Zachary Bright

The Wonder of it All


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Reflections About My Father

Bill Bright portrait

Today is Father’s Day. I had a wonderful father: Bill Bright (Oct.19, 1921 – July 19, 2003). Along with his wife and my mother, Vonette Bright, he founded and led Campus Crusade for Christ (now known as Cru). I want to say some things about my dad. This is not a balanced memoir, just some things that I want to say. Many people, possibly most, will want to uphold other parts of my dad’s life and character.

One characteristic way that Dad and I spent time together was editing his articles, messages or book chapters. This was a ‘twofer’ for him: he could spend time with me and continue to work. Dad would hand me pages from what he was working on and tell me to write in the margins, circle or underline, or even cross words out. Mostly, I was trying to come up with the most accurate and culturally resonate way of speaking. It became an incorrigible habit for me to this day. I am almost constantly coining phrases, looking for more daring images, turning ideas on their heads and smashing disparate themes together. I especially try to find images or phrases that carry a logic within them such that they will slowly burn within people and prepare the way for acknowledging the truth of the gospel of God’s kingdom. We call this planting seeds: the seeds have life within themselves which we hope will bear fruit later.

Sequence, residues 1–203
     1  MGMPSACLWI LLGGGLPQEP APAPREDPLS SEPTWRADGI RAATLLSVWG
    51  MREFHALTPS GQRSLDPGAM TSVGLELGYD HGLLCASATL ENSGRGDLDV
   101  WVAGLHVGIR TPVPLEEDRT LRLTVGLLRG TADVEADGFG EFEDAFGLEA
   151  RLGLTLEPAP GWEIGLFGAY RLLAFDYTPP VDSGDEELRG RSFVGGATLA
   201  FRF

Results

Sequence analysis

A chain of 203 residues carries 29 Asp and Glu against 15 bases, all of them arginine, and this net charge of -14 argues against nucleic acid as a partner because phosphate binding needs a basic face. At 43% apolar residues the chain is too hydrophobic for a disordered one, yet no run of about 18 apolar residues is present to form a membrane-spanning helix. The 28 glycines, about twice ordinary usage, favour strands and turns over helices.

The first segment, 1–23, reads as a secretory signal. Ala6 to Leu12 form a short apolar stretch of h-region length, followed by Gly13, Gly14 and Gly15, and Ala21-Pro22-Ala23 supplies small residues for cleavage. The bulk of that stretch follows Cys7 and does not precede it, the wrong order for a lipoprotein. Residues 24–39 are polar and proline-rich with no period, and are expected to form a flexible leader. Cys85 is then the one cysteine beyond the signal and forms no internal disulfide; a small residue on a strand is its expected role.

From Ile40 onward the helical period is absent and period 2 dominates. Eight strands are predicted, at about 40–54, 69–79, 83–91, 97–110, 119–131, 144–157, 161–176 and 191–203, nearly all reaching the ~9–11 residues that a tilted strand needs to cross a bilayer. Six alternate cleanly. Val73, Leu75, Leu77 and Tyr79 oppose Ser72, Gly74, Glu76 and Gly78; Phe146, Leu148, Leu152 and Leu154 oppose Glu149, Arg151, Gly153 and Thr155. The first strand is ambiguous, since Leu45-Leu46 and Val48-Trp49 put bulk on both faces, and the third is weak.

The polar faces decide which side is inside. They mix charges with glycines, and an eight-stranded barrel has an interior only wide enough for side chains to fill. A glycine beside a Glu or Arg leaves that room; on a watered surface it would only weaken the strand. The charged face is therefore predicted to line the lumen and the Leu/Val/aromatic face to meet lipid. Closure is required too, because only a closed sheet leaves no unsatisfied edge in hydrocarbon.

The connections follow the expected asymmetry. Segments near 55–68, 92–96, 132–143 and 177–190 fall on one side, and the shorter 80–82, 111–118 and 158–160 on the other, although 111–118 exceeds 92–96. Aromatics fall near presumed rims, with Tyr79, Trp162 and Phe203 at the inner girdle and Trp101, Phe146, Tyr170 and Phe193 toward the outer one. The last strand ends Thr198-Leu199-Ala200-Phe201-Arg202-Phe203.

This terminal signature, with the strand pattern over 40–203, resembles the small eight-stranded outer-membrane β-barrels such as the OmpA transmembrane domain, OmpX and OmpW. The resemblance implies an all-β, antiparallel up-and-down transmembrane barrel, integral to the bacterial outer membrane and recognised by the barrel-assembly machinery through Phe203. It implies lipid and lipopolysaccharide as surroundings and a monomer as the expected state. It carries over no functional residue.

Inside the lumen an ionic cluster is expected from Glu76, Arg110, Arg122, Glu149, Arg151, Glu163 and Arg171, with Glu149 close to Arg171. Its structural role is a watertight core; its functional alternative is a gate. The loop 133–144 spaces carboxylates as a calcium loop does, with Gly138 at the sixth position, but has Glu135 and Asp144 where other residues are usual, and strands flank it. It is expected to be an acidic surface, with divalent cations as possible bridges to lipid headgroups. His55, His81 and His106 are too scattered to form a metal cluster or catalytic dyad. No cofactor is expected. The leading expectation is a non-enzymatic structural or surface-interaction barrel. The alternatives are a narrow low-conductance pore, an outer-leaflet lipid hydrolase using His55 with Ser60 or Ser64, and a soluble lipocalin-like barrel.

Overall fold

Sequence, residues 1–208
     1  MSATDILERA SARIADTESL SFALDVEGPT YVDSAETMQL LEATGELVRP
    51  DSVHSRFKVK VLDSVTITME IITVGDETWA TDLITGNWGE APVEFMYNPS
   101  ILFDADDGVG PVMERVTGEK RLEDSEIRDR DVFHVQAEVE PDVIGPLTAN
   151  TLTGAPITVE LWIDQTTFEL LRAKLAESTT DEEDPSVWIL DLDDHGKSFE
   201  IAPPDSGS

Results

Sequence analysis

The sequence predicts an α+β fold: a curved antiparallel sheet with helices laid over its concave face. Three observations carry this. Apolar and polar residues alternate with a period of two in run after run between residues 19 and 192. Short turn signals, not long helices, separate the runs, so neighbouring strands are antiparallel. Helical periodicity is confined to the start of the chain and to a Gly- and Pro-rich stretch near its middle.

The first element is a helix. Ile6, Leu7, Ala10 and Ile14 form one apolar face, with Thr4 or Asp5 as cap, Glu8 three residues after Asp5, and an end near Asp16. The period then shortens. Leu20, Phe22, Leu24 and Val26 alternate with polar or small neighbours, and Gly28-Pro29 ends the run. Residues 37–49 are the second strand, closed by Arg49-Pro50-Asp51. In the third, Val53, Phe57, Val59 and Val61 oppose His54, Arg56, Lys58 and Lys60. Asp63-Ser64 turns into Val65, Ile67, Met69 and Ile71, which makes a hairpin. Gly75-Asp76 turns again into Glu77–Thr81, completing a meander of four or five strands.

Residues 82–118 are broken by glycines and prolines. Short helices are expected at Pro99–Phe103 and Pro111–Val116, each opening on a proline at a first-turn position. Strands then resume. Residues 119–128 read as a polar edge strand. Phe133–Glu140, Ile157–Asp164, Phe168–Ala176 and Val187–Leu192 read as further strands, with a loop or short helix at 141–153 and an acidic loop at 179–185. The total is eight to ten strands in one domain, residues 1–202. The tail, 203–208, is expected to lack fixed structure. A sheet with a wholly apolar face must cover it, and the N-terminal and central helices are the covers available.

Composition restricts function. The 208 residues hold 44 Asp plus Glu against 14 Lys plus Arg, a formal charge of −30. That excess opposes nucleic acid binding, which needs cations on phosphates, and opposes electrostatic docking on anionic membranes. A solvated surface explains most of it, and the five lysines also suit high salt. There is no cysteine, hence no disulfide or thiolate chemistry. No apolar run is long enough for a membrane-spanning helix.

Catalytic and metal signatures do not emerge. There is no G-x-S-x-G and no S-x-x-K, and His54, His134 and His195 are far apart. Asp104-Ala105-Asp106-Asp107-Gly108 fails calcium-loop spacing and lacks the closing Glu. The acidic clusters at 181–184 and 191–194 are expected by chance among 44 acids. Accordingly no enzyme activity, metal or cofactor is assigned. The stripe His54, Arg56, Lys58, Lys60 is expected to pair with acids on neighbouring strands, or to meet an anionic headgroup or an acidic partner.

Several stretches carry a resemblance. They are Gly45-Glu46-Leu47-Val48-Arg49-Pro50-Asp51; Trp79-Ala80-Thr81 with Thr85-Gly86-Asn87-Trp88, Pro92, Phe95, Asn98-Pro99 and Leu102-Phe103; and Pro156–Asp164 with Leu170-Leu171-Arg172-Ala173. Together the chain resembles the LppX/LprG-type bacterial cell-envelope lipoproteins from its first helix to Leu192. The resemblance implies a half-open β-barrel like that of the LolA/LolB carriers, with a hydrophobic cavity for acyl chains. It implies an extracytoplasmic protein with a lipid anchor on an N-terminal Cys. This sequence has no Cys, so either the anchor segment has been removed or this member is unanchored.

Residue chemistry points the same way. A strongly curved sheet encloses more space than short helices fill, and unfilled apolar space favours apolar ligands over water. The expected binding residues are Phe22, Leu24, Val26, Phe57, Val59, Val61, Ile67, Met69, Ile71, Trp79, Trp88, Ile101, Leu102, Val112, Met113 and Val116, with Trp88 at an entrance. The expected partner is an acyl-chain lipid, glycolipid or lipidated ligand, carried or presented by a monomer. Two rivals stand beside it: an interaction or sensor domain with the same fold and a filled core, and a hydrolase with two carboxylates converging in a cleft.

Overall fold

The Dad that I love, is the Dad of his book “Revolution Now” (oops!, now the IRS will target me) and the committed band of cadres, infiltrating every part of culture for Christ. He is the one who could recite a long passage from famed Scottish preacher John Stewart and memorized passages of Scripture with his family. I recall memorizing Ephesians, 1 Corinthians 13, Matthew 28:18-20, John 15, parts of John 14-17, some verses from Proverbs and other passages.